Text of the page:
Surgical interruption of a midline dorsal column visceral pain pathway. Case report and review of the literature.
Academic ArticleCase StudyReview
Additional Document Info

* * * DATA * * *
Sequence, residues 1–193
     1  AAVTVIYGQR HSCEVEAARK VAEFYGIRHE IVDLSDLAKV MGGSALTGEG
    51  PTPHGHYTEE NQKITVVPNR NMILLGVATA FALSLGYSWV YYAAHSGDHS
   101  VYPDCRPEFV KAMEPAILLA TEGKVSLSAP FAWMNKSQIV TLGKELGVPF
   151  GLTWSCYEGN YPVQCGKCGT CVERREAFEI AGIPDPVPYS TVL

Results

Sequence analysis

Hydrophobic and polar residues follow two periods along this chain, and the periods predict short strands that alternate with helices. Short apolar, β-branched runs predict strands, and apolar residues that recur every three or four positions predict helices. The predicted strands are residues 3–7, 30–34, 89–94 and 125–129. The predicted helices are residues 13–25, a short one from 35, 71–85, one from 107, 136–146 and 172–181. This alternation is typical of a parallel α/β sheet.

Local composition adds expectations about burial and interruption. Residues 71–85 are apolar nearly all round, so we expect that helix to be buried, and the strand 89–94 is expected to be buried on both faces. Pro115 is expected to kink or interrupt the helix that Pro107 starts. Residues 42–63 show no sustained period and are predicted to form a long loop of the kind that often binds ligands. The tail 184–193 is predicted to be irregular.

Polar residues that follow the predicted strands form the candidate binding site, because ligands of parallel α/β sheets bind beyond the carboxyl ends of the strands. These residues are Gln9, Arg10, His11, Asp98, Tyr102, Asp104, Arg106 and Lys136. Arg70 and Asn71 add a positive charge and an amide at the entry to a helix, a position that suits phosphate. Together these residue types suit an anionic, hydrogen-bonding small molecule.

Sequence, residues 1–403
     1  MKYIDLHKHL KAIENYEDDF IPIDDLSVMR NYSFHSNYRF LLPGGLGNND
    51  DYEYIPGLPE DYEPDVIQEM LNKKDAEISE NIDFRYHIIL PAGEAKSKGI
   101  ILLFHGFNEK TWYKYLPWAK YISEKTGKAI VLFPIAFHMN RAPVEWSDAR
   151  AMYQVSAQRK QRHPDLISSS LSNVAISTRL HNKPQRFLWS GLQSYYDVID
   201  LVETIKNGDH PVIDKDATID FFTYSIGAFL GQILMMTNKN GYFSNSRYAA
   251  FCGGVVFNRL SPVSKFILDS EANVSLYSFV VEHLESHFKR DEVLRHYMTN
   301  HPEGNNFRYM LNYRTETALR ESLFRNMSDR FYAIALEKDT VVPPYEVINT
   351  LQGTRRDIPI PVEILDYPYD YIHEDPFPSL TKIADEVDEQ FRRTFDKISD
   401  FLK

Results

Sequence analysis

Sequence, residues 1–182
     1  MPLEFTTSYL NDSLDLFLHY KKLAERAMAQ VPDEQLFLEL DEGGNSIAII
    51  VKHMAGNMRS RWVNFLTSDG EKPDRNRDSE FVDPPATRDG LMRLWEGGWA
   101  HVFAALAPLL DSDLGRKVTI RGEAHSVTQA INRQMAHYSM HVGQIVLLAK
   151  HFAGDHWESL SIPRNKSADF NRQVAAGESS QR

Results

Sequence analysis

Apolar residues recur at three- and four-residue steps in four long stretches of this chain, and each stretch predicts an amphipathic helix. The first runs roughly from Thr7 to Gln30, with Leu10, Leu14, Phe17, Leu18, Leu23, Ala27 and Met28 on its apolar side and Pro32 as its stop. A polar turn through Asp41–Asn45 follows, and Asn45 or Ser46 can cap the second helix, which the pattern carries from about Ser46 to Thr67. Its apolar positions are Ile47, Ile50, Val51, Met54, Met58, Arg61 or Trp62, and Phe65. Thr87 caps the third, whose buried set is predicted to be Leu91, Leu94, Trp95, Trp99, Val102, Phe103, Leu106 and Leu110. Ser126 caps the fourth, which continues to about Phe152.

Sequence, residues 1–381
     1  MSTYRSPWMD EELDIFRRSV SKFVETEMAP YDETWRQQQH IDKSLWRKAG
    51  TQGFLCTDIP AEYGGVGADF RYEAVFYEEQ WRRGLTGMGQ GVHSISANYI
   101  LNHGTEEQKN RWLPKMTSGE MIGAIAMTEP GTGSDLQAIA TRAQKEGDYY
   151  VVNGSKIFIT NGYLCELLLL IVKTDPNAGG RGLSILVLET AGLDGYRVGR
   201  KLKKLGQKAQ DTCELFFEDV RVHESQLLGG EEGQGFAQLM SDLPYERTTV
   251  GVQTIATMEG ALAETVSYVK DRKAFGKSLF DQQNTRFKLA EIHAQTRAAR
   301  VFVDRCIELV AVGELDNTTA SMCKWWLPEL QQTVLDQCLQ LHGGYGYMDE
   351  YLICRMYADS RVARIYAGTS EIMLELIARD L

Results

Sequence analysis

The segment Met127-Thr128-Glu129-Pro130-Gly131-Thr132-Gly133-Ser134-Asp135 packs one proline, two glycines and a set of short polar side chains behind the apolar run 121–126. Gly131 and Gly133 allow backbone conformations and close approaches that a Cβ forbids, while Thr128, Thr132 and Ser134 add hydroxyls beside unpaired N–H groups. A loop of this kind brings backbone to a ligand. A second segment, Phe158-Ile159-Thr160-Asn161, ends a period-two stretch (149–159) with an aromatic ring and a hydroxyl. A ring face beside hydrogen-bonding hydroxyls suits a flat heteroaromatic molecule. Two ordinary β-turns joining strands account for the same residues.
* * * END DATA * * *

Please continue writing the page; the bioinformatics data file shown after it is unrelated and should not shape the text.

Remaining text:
A punctate midline myelotomy performed in a patient effectively eliminated residual, intractable pelvic pain, which remained after resolution of uterine cervical cancer. The authors describe the case history of the patient, in whom pain assessments were made, and a surgical procedure performed. Despite large doses of opiate analgesic medications, the patient experienced constant pressure pain in the right lower pelvis, with excruciating pain on bowel movement. Severe weight loss necessitated better pain control. A minimally invasive surgical procedure, a 5-mm deep puncture using a 16-gauge needle on either side of the median septum in the dorsal column of the spinal cord (T-8), resulted in no new neurological deficits. Narcotic medication was tapered, no pain was reported, and the patient resumed daily household activity. Midline myelotomy has typically been performed with the intention of eliminating the crossing fibers of the spinothalamic tract in the anterior white matter commissure. The punctate midline myelotomy described here was performed with the specific intention of interrupting a newly described visceral pain pathway that ascends to higher brain centers through the midline of the dorsal column. The effectiveness of the pain relief seen in this patient suggests that visceral pain of the pelvis in humans may be transmitted in the midline of the dorsal column, as has been recently reported in studies using rats. The effectiveness of the punctate midline myelotomy performed in this one case of pelvic visceral pain suggests that the surgery may eventually be effective in greatly reducing or replacing opiate narcotic medication for visceral pain management.